Sunday, November 15, 2009

Child Abuse and Neglect

Child Abuse and Neglect
Child abuse and neglect is defined as physical injury, emotional disturbance, sexual abuse, negligence, or maltreatment of a child under the age of 18 by a person who is responsible for the child's welfare.

Abuse is the breakdown of impulse control in the parent, guardian, or other caregiver.
there are four factors involved:
  1. Personalities features-The caregiver experienced lack of affection and support as a child and thus does not know how to provide the same for his or her child, or the caregiver is out of control due to substance abuse or psychotic illness.
  2. The difficult or different child- Examples include hyperactive, handicapped, premature, or sickly children or stepchildren.
  3. Inadequate support- The caregiver feels isolated or abandoned by relatives or friends who could provide guidance and assistance.
  4. Crisis situation- Stress overcomes the caregiver's ability to function.
Neglect is observed in families with multiple problems and disorganized lifestyles. Depression, desertion, drug or alcohol abuse, and chronic medical conditions may be seen in one or more caregivers.


  • gross motor development and skills
  • fine motor skills, manipulation, dexterity, and bilateral coordination
  • muscle strength
  • reflex development and maturation
  • postural control (use of protective and equilibrium reactions)
  • muscle tone
  • joint stability and mobility
  • sensory registration/awareness
  • sensory sensitivity/processing
  • perceptual skills ( visual, auditory, tactile, and kinesthetic)
  • attending behavior and concentration
  • ability to follow directions/sequencing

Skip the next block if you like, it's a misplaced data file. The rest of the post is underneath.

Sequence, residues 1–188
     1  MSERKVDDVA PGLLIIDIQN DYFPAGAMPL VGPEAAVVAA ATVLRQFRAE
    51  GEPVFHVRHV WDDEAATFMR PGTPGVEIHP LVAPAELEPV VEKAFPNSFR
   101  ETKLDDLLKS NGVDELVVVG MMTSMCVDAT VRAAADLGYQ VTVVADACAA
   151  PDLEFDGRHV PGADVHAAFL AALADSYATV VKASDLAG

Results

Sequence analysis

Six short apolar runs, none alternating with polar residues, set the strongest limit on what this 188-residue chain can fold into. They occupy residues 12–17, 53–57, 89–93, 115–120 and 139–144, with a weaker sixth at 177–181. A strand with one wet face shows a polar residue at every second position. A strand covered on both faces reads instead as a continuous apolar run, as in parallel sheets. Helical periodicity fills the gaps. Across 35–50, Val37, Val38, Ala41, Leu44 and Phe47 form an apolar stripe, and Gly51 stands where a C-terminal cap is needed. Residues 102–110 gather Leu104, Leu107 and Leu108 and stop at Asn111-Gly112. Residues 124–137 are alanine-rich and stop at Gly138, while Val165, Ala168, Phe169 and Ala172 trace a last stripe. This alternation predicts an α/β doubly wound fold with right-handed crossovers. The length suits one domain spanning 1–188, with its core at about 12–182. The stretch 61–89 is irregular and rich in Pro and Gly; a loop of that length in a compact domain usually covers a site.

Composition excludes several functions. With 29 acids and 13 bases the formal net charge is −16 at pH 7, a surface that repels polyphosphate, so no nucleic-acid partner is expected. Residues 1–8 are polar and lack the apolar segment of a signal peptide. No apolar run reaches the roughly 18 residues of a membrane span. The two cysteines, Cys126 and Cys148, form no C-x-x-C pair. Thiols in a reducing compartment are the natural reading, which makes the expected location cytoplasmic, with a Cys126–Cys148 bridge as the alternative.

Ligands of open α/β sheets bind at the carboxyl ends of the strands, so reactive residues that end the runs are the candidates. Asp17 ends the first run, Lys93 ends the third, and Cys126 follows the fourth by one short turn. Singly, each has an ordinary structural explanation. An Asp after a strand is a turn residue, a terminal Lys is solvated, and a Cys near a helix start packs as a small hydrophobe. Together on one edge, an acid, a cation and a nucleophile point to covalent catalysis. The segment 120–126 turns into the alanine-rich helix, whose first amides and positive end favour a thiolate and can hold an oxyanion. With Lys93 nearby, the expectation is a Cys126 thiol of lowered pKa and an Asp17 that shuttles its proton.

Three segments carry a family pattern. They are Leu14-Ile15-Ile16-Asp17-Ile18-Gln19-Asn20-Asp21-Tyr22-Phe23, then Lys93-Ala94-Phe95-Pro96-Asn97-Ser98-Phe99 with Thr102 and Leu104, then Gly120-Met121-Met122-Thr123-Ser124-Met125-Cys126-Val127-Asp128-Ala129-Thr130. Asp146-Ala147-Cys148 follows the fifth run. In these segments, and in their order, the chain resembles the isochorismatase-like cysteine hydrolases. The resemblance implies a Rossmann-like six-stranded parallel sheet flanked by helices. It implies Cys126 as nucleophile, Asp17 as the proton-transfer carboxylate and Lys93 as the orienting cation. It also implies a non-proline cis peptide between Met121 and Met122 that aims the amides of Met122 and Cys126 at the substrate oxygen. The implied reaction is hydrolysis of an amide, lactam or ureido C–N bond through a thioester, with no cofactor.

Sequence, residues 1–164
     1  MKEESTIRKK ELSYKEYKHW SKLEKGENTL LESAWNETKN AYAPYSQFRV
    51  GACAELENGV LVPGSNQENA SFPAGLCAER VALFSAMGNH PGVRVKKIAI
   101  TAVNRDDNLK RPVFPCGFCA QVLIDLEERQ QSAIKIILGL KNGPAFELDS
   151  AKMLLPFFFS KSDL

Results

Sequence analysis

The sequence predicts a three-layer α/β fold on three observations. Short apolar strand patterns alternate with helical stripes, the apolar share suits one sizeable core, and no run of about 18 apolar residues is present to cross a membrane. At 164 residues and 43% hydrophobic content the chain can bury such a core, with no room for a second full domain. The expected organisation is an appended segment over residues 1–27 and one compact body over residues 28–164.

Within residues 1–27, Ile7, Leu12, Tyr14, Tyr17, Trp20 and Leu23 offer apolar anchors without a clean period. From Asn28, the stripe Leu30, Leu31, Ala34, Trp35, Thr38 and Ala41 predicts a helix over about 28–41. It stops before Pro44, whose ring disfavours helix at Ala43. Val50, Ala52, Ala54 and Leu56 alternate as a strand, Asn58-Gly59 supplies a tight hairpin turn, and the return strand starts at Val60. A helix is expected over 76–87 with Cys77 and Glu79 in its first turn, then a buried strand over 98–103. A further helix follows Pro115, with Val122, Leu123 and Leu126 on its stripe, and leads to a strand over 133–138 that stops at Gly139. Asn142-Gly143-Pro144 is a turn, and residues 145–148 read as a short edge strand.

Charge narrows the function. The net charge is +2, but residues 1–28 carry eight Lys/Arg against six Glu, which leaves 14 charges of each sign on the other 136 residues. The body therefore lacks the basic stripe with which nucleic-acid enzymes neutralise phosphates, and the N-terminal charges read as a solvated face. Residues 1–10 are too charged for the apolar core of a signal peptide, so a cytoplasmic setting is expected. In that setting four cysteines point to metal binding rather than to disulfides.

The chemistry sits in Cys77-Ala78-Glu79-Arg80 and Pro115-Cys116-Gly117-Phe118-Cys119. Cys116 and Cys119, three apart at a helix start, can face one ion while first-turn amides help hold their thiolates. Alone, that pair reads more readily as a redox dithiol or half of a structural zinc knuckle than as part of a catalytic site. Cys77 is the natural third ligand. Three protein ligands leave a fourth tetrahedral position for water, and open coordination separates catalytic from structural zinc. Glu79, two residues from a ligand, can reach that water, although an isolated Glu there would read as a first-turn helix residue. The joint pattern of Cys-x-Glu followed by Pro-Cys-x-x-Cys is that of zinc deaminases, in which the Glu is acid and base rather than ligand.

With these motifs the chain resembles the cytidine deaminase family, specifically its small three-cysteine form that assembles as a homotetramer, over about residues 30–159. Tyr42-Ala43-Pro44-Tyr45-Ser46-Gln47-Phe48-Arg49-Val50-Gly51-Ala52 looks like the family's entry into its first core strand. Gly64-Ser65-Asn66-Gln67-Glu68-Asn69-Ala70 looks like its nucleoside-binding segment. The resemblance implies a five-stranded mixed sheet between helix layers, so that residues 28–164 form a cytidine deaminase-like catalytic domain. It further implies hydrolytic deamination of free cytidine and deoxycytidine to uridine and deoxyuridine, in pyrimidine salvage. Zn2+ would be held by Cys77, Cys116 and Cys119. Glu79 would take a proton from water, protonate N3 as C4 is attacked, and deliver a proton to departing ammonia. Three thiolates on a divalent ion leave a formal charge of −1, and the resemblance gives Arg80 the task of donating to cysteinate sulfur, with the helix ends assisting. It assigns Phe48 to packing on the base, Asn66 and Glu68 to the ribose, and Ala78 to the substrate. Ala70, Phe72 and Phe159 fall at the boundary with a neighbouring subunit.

• motivation or self-initiated activity
  • mood or affect
  • self-control
  • coping skills
  • social conduct skills
  • daily living skills
  • academic readiness or academic skills
  • play skills

No comprehensive or specific scale for occupational therapist to use assessing child abuse was identified. The following assessments may be useful:
  • Bayley Scales of infant development
  • Brazelton Neonatal Assessment Scale
  • A play scale
  • Child abuse potential inventory


The problems associated with child abuse can be verified and many. The list of problems should be considered as examples and not as comprehensive list.

  • Developmental milestones may be delayed, especially gross and fine motor skills.
  • Muscle weakness may be present if nerve or brain damage has occurred.
  • Paralysis may be present if nerve or brain damage has occurred.
  • Contractures may be present if condition has existed for some time.
  • Reduction range of motion may be present, depending on the type of injury.
  • Reflex maturation may be incomplete, with primitive reflexes continuing to be present.

  • Sensory loss may have occurred in vision, hearing, touch proprioception, or kinesthesia and less commonly in taste or smell.
  • Body image may fail to develop or an impaired body image may develop.
  • Sensory integrative Dysfunction may be present, including developmental dyspraxia and vestibular- bilateral disorder.
  • Sensory responses may be hypo- or hyperactive.

  • Learning disabilities may be present, including dyslexia, short attention span and hyperkinetic behavior.
  • The child may have poor problem- solving skills.

  • The child may have poor self-image and lack of confidence.